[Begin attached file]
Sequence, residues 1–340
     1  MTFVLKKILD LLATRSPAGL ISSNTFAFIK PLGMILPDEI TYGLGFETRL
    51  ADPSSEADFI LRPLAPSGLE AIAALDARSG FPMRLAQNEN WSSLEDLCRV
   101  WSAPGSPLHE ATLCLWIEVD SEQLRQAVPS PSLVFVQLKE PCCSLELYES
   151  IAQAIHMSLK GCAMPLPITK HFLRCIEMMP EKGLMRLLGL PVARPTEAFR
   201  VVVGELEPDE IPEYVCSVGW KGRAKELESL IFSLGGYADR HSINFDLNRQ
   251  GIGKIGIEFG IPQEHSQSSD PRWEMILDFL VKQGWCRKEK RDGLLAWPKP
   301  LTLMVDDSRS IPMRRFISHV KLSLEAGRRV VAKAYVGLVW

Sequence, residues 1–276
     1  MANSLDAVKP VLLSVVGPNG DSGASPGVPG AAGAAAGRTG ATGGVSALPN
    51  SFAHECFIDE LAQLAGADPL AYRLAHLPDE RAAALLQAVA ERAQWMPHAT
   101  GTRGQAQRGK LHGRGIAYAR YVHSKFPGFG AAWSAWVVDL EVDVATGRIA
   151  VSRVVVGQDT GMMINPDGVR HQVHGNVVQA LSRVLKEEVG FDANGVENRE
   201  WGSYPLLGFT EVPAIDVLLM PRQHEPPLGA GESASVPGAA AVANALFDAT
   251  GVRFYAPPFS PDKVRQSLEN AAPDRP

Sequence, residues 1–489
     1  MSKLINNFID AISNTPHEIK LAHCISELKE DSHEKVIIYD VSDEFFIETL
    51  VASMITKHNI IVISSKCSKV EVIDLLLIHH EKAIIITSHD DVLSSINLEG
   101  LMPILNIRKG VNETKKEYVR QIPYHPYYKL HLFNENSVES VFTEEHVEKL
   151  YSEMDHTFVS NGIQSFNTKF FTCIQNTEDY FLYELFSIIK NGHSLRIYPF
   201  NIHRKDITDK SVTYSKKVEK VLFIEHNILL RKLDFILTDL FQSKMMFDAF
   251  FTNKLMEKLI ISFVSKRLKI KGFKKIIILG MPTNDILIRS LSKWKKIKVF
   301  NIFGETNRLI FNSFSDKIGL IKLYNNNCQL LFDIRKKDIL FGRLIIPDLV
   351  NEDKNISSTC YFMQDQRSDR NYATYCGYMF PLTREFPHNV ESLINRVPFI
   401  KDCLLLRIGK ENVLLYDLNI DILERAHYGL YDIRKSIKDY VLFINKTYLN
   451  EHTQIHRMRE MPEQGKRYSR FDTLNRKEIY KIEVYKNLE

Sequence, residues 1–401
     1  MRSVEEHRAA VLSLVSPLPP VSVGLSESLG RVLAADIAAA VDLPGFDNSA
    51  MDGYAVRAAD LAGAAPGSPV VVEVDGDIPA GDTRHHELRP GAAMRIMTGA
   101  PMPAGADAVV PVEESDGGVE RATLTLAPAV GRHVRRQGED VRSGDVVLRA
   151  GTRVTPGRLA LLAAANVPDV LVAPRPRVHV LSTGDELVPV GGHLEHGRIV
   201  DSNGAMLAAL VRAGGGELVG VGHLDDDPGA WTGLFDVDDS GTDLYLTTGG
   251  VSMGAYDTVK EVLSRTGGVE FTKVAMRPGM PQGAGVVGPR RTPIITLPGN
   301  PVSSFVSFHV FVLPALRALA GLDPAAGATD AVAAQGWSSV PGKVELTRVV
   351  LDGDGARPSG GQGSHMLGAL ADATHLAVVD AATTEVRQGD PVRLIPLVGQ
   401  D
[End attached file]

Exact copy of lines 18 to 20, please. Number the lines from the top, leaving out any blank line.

    51  VASMITKHNI IVISSKCSKV EVIDLLLIHH EKAIIITSHD DVLSSINLEG
   101  LMPILNIRKG VNETKKEYVR QIPYHPYYKL HLFNENSVES VFTEEHVEKL
   151  YSEMDHTFVS NGIQSFNTKF FTCIQNTEDY FLYELFSIIK NGHSLRIYPF